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I’m sure you’ve all heard that you should “Never judge a book by its cover” and after playing Anoxemia, I’d like to add “Never judge a game by a pretty trailer.”
Falling somewhere between the problematic Song of the Deep and the inky darkness of Limbo this metroidvania-style game has you playing as Dr. Bailey, a mustachioed-clad scientist who has been despatched to collect plant samples from a contaminated area at the bottom of the ocean. However, on his decent he suddenly finds himself stranded with nothing but a diving suit and an operations drone (ATMA). For some reason Dr. Bailey decides that the best thing he can do with no way to contact the surface is to continue with his research all while growing more paranoid that ATMA is attempting to kill him.
Controlling ATMA, your role is to guide Dr. Bailey through each area to collect the target plants before you move onto the next area and essentially repeat the process again. At the same time you have to avoid various traps such as rogue drones, WW2 mines and turrets most which can kill Dr. Bailey with a single hit. If this wasn’t enough to deal with you also have to find oxygen cylinders scattered throughout the level to stop him from drowning.
Utilising a tethered control system, where ATMA goes Dr. Bailey follows, or should I say floats lazily behind you, often at enough of a distance to make him an easier target than you would want. In fact, Dr. Bailey’s only purpose in the game is to collect samples and occasionally set dynamite to clear passageways. As the drone, you can get a harpoon, which can be used to clear rocks out of the way as well as use a sonar to locate enemies as well as the direction of samples still to be collected. As such, your own means of defence is to avoid everything, which considering the hampered controls is easier said than done, especially when many enemies will ignore any kind of patrol pattern to make a beeline towards you.
The other main annoyance here is with the checkpoint system, which is limited to the start of each level with no way to create a custom checkpoint. Considering that the levels are quite short, this might not seem like much of an issue except when you’re likely to be killed off because Dr. Bailey got snagged on a rock while trying to escape or stopped to pick something up when you needed to move quickly. As such, it can be especially rage-inducing to get most of the samples only for one clumsy move to send you back to the start of the level. Still the game does come advertised as being “hard” which it certainly is as you will die frequently … so much so the game actually gives achievement points for these deaths as you battle through the 38 levels, though the effort you put in comes at little reward with the developers seemingly focusing on making the difficulty high while not focusing enough on how it effects the gameplay.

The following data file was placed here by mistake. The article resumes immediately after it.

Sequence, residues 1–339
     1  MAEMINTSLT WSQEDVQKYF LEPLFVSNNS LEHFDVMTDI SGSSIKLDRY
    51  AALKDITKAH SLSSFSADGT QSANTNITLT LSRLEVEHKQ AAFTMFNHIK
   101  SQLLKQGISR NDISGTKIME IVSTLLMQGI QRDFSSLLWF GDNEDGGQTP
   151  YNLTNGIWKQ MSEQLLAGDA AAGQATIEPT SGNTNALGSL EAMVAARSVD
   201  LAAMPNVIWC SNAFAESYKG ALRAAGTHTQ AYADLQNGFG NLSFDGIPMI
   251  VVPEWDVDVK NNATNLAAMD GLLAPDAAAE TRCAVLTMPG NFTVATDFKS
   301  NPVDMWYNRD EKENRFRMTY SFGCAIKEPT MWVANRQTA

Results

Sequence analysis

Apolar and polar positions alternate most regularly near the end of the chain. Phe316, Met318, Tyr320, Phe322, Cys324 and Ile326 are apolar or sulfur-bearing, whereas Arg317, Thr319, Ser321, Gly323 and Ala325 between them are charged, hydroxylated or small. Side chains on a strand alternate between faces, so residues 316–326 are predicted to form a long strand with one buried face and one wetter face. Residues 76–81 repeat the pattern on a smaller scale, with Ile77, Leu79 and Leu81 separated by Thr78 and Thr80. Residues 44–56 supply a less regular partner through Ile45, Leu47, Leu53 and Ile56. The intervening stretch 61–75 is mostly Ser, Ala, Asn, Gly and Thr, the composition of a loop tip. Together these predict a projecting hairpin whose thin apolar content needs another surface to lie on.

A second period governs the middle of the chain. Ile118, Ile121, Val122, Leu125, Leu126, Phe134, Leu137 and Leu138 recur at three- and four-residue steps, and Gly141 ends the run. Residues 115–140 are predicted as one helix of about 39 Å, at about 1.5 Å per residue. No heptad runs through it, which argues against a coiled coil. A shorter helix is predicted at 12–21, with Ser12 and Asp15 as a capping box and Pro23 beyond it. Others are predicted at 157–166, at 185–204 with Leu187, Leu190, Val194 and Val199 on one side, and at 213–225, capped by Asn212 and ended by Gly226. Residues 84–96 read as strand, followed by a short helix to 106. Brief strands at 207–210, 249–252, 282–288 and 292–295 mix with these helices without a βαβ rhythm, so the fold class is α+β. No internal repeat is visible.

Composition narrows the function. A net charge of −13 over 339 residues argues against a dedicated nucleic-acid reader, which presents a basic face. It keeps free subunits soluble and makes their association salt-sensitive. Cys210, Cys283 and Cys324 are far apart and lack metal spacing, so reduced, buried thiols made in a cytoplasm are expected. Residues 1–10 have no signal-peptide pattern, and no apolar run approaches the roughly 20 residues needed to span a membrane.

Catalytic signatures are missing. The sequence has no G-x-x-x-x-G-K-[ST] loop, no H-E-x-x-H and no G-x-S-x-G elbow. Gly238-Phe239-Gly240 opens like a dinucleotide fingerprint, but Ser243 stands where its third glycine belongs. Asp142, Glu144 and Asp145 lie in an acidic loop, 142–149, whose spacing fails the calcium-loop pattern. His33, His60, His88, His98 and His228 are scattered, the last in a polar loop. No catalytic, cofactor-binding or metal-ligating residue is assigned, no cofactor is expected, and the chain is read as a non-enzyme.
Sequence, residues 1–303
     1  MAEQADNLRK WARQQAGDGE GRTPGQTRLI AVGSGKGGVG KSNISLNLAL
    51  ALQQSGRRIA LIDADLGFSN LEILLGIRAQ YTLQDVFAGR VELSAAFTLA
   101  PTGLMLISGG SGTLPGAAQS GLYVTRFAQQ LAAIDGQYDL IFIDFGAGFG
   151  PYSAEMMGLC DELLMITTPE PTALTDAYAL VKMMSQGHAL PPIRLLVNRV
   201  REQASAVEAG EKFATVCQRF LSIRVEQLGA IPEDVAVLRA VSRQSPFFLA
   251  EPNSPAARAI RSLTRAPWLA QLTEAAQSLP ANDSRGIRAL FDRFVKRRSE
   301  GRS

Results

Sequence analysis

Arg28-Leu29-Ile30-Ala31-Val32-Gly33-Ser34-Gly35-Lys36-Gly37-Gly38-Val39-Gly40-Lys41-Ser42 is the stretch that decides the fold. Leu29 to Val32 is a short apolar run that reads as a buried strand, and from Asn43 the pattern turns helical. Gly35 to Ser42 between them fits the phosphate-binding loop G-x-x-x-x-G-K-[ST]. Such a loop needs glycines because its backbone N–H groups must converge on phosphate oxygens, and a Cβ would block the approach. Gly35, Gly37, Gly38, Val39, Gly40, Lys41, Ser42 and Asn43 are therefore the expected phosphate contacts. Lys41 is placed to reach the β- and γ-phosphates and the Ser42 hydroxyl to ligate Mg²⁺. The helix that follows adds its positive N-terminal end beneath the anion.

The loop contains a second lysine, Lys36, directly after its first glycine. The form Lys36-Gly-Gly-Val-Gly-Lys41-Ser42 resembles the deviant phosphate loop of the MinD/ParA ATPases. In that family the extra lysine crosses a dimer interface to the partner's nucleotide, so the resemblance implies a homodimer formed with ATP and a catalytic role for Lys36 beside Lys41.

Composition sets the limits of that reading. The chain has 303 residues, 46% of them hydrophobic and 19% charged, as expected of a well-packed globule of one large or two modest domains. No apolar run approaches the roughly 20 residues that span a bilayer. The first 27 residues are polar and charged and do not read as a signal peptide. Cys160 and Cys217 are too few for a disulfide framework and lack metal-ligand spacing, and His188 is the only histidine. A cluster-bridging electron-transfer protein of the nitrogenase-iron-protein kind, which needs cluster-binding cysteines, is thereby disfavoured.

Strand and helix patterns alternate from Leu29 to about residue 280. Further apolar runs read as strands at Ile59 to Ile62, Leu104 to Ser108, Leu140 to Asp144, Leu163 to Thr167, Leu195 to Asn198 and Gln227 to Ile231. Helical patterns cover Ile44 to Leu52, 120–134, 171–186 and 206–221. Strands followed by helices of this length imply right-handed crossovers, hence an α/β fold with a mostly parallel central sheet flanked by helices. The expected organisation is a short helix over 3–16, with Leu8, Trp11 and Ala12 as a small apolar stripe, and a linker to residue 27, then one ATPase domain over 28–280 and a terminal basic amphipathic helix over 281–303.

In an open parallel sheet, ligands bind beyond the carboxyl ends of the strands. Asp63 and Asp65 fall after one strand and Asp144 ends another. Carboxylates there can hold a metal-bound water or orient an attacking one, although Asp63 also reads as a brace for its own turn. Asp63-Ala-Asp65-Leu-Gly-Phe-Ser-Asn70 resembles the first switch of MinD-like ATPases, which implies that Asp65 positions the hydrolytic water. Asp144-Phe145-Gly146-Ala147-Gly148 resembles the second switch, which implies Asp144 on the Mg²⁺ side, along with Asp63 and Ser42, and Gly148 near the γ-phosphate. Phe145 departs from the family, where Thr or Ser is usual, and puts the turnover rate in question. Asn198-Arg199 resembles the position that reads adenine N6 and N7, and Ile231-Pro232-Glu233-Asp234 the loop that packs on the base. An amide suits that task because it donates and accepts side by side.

On the plus side, the game is visually very pretty to look at with shoals of jellyfish swimming in the background while everything shot almost in shadow with the cave systems being especially fun to explore, though the feeling of freedom to go anywhere in the level is constantly hampered by the invisible layer of acid which will kill you if swam into while keeping the player with a much more confined area than it would first seem.
While the game might come with a low price tag, it only becomes more like a bad movie experience as you often end up wondering how much you have to endure to justify what you payed rather than the challenge in trying to beat it like you might get from the likes of Dark Souls or Ninja Gaiden, games that were celebrated for their toughness, but when frustration overtakes the challenge it leaves little to keep you coming back.
Game description: Anoxemia is a 2015 adventure games from BSK Games, that takes us on an undersea journey that while visually interesting, is equally a test of player patience.